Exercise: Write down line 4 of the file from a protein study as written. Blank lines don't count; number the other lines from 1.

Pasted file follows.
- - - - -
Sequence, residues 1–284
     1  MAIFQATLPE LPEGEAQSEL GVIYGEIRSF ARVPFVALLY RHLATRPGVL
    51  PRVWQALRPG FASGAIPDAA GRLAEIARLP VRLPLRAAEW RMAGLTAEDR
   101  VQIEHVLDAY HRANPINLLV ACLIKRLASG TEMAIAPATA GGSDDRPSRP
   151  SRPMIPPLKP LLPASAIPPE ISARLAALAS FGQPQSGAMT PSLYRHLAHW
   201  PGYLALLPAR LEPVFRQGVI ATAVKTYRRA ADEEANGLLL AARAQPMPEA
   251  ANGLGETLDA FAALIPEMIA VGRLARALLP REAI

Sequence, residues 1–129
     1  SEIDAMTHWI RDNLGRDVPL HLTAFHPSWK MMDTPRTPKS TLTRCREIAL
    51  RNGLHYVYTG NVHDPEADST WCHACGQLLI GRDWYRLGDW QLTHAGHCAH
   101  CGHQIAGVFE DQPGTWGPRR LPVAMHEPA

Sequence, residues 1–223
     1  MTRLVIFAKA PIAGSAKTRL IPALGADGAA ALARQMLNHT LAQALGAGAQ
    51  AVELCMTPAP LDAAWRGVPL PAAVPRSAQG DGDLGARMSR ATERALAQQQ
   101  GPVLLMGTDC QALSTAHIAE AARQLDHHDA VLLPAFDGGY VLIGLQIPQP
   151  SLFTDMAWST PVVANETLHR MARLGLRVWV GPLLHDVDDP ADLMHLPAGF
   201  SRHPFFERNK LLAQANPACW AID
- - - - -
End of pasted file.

   101  VQIEHVLDAY HRANPINLLV ACLIKRLASG TEMAIAPATA GGSDDRPSRP